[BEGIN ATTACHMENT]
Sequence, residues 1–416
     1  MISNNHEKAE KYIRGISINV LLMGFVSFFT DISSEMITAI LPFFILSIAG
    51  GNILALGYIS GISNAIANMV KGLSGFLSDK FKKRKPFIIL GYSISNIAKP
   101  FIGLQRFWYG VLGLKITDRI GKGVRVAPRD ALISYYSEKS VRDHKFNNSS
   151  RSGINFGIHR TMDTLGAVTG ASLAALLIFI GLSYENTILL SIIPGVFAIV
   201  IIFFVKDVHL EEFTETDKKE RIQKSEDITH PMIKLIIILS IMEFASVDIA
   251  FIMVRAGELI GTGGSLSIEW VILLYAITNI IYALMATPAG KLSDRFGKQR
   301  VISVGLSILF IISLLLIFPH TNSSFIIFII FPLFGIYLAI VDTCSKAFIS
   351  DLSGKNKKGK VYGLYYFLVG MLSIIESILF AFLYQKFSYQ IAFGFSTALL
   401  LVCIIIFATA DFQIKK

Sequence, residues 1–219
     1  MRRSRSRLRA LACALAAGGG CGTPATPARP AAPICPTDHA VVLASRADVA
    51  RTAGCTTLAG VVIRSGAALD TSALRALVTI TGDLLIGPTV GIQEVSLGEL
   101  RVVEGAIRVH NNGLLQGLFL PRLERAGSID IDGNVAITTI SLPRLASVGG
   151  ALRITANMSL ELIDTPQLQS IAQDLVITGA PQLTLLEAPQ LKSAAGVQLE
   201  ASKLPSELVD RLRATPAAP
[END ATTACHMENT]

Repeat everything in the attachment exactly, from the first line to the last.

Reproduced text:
Sequence, residues 1–416
     1  MISNNHEKAE KYIRGISINV LLMGFVSFFT DISSEMITAI LPFFILSIAG
    51  GNILALGYIS GISNAIANMV KGLSGFLSDK FKKRKPFIIL GYSISNIAKP
   101  FIGLQRFWYG VLGLKITDRI GKGVRVAPRD ALISYYSEKS VRDHKFNNSS
   151  RSGINFGIHR TMDTLGAVTG ASLAALLIFI GLSYENTILL SIIPGVFAIV
   201  IIFFVKDVHL EEFTETDKKE RIQKSEDITH PMIKLIIILS IMEFASVDIA
   251  FIMVRAGELI GTGGSLSIEW VILLYAITNI IYALMATPAG KLSDRFGKQR
   301  VISVGLSILF IISLLLIFPH TNSSFIIFII FPLFGIYLAI VDTCSKAFIS
   351  DLSGKNKKGK VYGLYYFLVG MLSIIESILF AFLYQKFSYQ IAFGFSTALL
   401  LVCIIIFATA DFQIKK

Sequence, residues 1–219
     1  MRRSRSRLRA LACALAAGGG CGTPATPARP AAPICPTDHA VVLASRADVA
    51  RTAGCTTLAG VVIRSGAALD TSALRALVTI TGDLLIGPTV GIQEVSLGEL
   101  RVVEGAIRVH NNGLLQGLFL PRLERAGSID IDGNVAITTI SLPRLASVGG
   151  ALRITANMSL ELIDTPQLQS IAQDLVITGA PQLTLLEAPQ LKSAAGVQLE
   201  ASKLPSELVD RLRATPAAP